This month (December 2018) a commentary piece, Put More Carbon in Soils to Meet Paris Climate Pledges, was published in the journal Nature. It was written by scientists specializing in climate change and agriculture who serve on the science and technical committee of the organization 4 per 1000 (4p1000.org) – an organization dedicated to demonstrating that agriculture, and in particular, agricultural soils, can play a crucial role where food security and climate change are concerned. In the article, they outline how using carbon sequestration to build soil organic matter can mitigate climate change and boost soil fertility. The scientists suggest that the KJWA (a UNFCCC initiative directing the Subsidiary Body for Scientific and Technological Advice (SBSTA) and the Subsidiary Body for Implementation (SBI) to jointly consider how to tackle agriculture issues in the context of climate change) formally commit to increasing global soil organic carbon stocks through coordination and activities related to eight steps.
The eight steps they suggest are:
5. Test strategies – Determine what works in local conditions by using models and a network of field sites.
6. Involve communities – Employ citizen science to collect data and create an open online platform for sharing.
7. Coordinate policies – Integrate soil carbon with national climate commitments to the Paris Agreement and other policies on soil and climate.
8. Provide support – Ensure technical assistance, incentives to farmers, monitoring systems, and carbon taxes to promote widespread implementation.
As anyone who knows me will tell you, the situation of “Peak Farmable Soil” is one I have been aware of and vocal about for a long time. And while I can’t say I’m glad that what I’ve been worried about for so long is true, I’m relieved that finally, the world’s soil and agricultural scientists and policy makers seem to be awakening to the grave threat – and the huge opportunity! – the cumulative effects of soil depletion and climate change represent to agriculture and food security.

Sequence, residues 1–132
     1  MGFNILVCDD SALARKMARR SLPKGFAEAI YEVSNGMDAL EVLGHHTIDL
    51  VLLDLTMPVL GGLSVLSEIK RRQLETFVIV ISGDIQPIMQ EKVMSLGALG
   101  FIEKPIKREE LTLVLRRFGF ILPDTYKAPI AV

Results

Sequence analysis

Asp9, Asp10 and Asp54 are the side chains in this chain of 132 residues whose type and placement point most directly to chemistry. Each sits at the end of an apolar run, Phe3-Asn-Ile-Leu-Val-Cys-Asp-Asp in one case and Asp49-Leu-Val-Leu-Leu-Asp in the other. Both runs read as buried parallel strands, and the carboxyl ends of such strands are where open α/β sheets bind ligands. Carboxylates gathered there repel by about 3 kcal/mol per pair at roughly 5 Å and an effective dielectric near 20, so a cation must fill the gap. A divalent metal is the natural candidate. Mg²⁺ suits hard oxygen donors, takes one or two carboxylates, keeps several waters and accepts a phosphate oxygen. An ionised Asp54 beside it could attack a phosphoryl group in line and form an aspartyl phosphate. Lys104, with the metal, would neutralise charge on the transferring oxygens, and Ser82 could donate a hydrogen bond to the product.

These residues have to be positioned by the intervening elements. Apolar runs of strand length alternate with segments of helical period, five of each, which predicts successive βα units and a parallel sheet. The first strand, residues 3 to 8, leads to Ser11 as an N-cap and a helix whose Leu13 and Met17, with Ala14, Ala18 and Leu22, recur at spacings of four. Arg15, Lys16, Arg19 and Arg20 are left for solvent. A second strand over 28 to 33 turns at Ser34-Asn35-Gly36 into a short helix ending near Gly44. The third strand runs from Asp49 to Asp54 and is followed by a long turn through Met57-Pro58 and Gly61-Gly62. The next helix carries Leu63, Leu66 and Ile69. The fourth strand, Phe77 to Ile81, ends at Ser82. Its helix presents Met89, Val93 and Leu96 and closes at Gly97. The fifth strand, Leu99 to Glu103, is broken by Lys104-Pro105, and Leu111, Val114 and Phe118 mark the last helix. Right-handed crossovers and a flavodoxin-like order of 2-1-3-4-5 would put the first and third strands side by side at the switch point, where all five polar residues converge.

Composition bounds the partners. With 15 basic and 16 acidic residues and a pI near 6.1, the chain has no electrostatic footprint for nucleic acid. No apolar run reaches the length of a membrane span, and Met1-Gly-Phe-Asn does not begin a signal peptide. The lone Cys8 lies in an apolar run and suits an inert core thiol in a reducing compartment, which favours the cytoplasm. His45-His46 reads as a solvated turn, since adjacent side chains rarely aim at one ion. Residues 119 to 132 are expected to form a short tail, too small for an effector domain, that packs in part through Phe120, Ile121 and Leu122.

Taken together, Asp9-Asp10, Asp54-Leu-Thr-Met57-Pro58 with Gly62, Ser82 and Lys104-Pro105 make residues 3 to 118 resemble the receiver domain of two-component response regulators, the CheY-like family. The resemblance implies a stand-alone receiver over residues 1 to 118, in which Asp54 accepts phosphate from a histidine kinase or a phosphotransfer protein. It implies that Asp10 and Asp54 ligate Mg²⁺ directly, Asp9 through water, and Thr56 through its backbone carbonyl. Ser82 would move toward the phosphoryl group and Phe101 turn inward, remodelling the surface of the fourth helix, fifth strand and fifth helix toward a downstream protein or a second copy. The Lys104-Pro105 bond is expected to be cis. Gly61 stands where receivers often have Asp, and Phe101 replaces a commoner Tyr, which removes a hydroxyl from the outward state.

The quantity of carbon stored in our global soils is over 2 times the amount stored in all the trees and other biomass on the planet. This is good. It means that we can store huge amounts of carbon in our agricultural soils if we know how to work with nature to do so. Currently, however, that’s not the case: conventional farming and development has already degraded over a third of the world’s soils, limiting agricultural production and, rather than storing carbon, adding almost 500 gigatons of carbon dioxide to the atmosphere—an amount equivalent to burning 216 billion hectares of U.S. forest.
This is a lot to process. But keep reading, there’s hope!
In a nutshell:
There is an urgent need to incorporate more CO2 into our soils in the form of fertile soil organic matter (SOM) to pull carbon out of the air and help stop climate change.